China | Beyond the Great Wall
China has a remarkable history, spanning back over 10,000 years and remnants of its glorious past can be seen at every turn. We journey from Beijing to Shanghai, through vast and varied landscapes and archaeology.
From Buddhist temples, to the gargantuan monuments of imperial ambition, to lesser-known prehistoric settlements, this is the story of not one but many Chinas through the ages. Over 17 days, we put the great sites we see into their historical context. We see the Great Wall, Terracotta Warriors and Ming Tombs not just as grand relics, but as products of the time, people and places that led to their creation.
- See some of China’s most famous sites in the company of a guide lecturer who will weave them into a narrative of China‘s history
- Come face to face with the famous Terracotta Warriors, discovered by local farmers in 1974
- Discover China’s remarkable prehistoric archaeology at sites such as Jinsha and Banpo, which tell the story of ordinary people in ancient China
- Great Cities
- Cultural Excursion
- Special Access
- All Inclusive
We set off on an overnight flight to Beijing, arriving in China on Day 2.
On arrival to Beijing we transfer to our centrally located hotel, where we can either unwind in the comforts of our room, or perhaps begin to explore the intriguing streets surrounding us.
Refreshed after a long night’s sleep and a filling breakfast, our official tour of Beijing begins with a visit to the Forbidden City, or Palace Museum, China’s biggest and most beautifully-preserved collection of imperial buildings. Spanning over 180 acres, and comprising of 980 buildings in total, it would take days to explore the entirety of this astounding complex. We take in as many of the highlights as we can this morning, such as the 52-metre-wide moat, the elegant Golden Stream, and the staggeringly large Gate of Supreme Harmony.
This afternoon we touch on recent history at the nearby Tiananmen Square, before continuing to the Temple of Heaven, a vast Taoist site constructed by the Yongle Emperor, the same ruler behind the Forbidden City’s creation.
Our discovery of Beijing continues this morning as we wander the expansive lakes and gardens of the Summer Palace, the largest royal park in China; a must-see destination for any visitor to the capital. Though the origins of the park date back to the 12th century, the grounds were expanded significantly in the 1700s, when around 100,000 labourers were called in to enlarge Kunming Lake. The park’s hills and views offer a dazzling respite from the bustle of the city.
Later today we travel to Fahai Temple at the foot of Cuiwei Mountain, a destination famed for its vivid frescoes from the Ming Dynasty, which cover an area of over 230 metres.
We explore the Tombs of the Ming Dynasty this morning, final resting place of thirteen emperors, including the famous Yongle, whose marble mausoleum lies just beyond the ‘Gate of Paradise’. The lavish stonework, dragon motifs, and feng shui layout of these tombs made this site an obvious candidate for World Heritage status, which it achieved in the year 2000.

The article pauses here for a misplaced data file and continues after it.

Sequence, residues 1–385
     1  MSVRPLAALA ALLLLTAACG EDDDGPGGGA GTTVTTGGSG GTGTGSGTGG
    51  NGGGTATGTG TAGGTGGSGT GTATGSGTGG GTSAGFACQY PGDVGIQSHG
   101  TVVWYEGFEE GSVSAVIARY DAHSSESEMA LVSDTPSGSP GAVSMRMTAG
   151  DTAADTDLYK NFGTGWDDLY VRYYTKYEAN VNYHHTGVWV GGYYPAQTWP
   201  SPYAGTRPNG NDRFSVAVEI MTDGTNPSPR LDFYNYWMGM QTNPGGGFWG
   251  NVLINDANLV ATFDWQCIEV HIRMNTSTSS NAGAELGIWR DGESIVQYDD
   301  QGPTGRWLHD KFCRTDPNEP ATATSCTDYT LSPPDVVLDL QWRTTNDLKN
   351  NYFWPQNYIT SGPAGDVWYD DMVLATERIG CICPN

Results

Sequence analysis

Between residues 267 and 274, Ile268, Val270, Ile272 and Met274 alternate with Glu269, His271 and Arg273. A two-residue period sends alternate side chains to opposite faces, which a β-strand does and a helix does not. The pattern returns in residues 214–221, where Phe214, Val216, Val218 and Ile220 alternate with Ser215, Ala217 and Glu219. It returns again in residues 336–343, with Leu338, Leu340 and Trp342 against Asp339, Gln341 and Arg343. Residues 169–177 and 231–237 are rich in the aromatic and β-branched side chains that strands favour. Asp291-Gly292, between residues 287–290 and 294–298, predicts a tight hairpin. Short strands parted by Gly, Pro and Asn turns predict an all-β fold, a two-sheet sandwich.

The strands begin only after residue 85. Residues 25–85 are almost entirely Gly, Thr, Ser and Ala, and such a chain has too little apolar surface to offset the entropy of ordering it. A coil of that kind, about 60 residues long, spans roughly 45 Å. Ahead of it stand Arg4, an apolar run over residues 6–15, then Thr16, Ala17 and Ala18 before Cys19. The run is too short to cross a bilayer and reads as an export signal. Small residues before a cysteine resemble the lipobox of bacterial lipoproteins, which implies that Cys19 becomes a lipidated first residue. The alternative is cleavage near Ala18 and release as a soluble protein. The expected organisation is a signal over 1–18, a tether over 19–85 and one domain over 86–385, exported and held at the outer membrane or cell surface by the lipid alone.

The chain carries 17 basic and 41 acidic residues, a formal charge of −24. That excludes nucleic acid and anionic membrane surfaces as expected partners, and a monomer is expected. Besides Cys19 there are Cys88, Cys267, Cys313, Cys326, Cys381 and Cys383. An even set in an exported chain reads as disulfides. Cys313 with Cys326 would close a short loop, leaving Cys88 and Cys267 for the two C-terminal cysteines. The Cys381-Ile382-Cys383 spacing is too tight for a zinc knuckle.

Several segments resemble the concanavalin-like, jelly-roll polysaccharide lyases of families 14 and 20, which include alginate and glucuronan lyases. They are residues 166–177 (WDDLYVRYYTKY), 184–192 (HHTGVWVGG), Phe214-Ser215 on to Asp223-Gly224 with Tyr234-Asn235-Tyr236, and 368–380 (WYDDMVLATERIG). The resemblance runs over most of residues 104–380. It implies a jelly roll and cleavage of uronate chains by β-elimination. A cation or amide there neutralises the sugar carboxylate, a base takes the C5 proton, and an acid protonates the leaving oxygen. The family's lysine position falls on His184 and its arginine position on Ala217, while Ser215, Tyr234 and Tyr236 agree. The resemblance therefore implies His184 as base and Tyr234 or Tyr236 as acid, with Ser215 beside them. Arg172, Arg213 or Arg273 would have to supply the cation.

In the afternoon we visit a site which not only holds UNESCO status, but the title of one of the New Seven Wonders of the World. It can only be the Great Wall, an unparalleled feat of Chinese engineering. While the original wall dates back to the 2nd century BC, the majority of the Great Wall was built and extended during the Ming Dynasty in order to keep warring Mongol nomads at bay. We experience the wonders of the wall for ourselves while walking on one of its more accessible sections.
We bid farewell to the grandeur of Beijing and fly to Luoyang, a city in Central China located near the confluence of the Yellow and Luo Rivers. Luoyang has long been considered the traditional sacred centre of China, and as such has been the principal city for many a king over the centuries.
Excavations here have uncovered ritual sites dating back as far as Neolithic times – and many fascinating traces of Luoyang’s influential past remain.
After breakfast, we visit the Longmen Grottoes, home to almost 100,000 Buddhist statues, which stand in a terrain of artificial caves and limestone cliffs. These remarkable statues differ wildly in size, ranging from just an inch to up to 17 metres high, and the collection is thought to have first been established at the time of the Northern Wei Dynasty (from 493 to 534 AD).
In the afternoon we continue to the Shaolin Temple in the Song Mountain region, where monks have followed a distinct form of Buddhism for over 1,500 years, practising Kung Fu martial arts alongside their meditations and studies of ancient texts. Sometimes referred to as the ‘number one temple under heaven’, this site is an active hub for the Shaolin sect.
We take a scenic train ride to Xi’an this morning, one of the oldest cities in China, and the starting point of the historic Silk Road to Europe. Our afternoon is free to experience the city at our own pace. Visit the Islamic Quarter, with its Great Mosque and Bazaar, or walk the city walls, an imposing structure first established in the Ming Dynasty. Atop of these well-preserved fortifications is a 14-kilometre walkway, rewarding the intrepid traveller with marvellous views for miles around.